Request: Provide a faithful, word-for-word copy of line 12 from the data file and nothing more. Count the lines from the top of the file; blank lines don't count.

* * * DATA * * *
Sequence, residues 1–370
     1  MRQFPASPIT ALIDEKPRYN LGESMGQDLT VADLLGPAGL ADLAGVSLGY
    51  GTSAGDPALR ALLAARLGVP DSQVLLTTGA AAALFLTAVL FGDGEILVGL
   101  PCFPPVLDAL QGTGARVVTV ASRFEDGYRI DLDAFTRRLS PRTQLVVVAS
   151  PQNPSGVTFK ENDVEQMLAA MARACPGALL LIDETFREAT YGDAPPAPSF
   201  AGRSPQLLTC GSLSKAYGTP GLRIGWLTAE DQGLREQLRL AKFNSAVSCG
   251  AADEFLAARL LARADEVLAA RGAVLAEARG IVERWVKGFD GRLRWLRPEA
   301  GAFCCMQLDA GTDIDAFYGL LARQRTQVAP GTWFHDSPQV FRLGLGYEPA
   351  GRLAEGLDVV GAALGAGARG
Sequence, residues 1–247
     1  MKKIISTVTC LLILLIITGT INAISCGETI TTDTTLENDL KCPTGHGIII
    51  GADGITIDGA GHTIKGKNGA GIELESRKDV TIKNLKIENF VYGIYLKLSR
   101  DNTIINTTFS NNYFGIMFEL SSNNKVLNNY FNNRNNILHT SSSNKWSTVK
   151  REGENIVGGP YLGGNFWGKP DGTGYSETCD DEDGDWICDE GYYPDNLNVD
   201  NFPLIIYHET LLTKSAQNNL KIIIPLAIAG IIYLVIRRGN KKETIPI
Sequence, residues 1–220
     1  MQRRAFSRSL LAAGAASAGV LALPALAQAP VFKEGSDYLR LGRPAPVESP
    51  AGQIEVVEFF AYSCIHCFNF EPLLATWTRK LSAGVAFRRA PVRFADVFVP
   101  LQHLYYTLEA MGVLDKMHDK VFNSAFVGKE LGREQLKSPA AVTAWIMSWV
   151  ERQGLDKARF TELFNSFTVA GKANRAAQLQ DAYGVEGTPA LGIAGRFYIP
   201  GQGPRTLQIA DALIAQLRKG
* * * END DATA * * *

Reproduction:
    51  GADGITIDGA GHTIKGKNGA GIELESRKDV TIKNLKIENF VYGIYLKLSR